Report this review (#46048)
Posted Thursday, September 8, 2005 | Review Permalink
3 stars This solo debut by ex-Genesis guitarist Anthony Phillips will easily suitable for those who like "Trespass" and, to some extent, "Nursery Cryme". Remember "Dusk", "Visions of Angels", or "For Absent Friends"?

Released almost seven years after he left Genesis, here Phillips explores more of medieval folk elements found on both albums. If the result sounds more like Genesis in its early stage, probably it's because of the appearances of both Mike Rutherford and, mostly, Phil Collins, who do a lot of the singing.

Content-wise, this is not an easy album. It demands patience -- and persistence attempt. The first tough test for every listeners, if it has to be mentioned, is "Henry: Portraits from Tudor Times". This 12-plus-minute six-part epic surely will be a kind of a maze to those who don't have patience -- they tend to be lost. But if we listen to it watchfully, embrace every tune and feel deeply the movements from synthesizer- generated fanfares to beautiful classical guitar passages, into parts with soaring electric guitar, flute, oboe... and so on, the experience will be rewarding.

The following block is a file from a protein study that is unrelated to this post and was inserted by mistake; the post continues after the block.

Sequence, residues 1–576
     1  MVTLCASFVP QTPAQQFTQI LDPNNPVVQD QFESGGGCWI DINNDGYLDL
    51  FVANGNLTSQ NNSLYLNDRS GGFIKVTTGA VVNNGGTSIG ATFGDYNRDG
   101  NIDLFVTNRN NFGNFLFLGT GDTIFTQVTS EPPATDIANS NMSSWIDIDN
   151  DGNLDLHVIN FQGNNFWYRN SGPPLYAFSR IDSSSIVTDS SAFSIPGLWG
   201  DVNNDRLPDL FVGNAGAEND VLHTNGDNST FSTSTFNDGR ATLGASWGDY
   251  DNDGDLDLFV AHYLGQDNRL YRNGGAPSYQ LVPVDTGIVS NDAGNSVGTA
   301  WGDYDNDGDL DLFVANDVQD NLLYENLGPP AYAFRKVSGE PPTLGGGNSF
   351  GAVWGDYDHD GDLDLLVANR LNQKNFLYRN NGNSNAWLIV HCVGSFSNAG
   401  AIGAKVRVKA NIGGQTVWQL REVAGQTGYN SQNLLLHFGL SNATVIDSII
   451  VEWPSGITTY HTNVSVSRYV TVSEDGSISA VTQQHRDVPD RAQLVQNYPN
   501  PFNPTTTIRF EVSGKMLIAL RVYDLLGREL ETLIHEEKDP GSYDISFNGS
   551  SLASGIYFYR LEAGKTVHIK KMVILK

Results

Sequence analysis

Considering the fact that Phillips have just returned after quite a long time absence, this album surely is a great achievement -- though there are weaknesses in several parts of its compositions. This is a good album that is definitely a must for Genesis fans.

Report this review (#52189)
Posted Tuesday, October 18, 2005 | Review Permalink